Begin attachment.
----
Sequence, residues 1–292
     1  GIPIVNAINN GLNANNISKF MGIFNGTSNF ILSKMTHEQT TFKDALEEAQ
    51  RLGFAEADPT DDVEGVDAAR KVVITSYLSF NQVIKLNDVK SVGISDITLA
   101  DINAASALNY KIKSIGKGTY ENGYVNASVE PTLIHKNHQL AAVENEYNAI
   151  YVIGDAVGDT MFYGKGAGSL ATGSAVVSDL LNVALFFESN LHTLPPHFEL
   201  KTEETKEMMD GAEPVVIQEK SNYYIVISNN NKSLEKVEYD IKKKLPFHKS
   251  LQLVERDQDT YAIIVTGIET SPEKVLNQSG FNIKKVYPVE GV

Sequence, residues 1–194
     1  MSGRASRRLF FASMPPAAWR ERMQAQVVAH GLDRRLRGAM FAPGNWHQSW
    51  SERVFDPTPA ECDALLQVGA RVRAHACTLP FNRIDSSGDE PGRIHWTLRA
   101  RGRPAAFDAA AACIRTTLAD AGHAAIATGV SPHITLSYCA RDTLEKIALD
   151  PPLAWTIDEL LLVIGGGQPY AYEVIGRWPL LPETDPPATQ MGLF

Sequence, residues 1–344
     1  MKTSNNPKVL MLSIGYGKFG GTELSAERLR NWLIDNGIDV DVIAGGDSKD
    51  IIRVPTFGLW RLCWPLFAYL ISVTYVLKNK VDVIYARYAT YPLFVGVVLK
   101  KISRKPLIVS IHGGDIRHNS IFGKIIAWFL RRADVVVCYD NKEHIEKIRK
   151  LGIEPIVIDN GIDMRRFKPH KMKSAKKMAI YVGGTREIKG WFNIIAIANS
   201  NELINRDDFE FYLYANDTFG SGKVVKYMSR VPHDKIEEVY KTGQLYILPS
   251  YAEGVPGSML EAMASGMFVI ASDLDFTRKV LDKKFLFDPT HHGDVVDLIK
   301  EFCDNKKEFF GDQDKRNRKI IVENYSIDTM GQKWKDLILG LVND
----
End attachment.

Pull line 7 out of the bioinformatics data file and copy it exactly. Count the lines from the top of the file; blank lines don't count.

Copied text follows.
   251  LQLVERDQDT YAIIVTGIET SPEKVLNQSG FNIKKVYPVE GV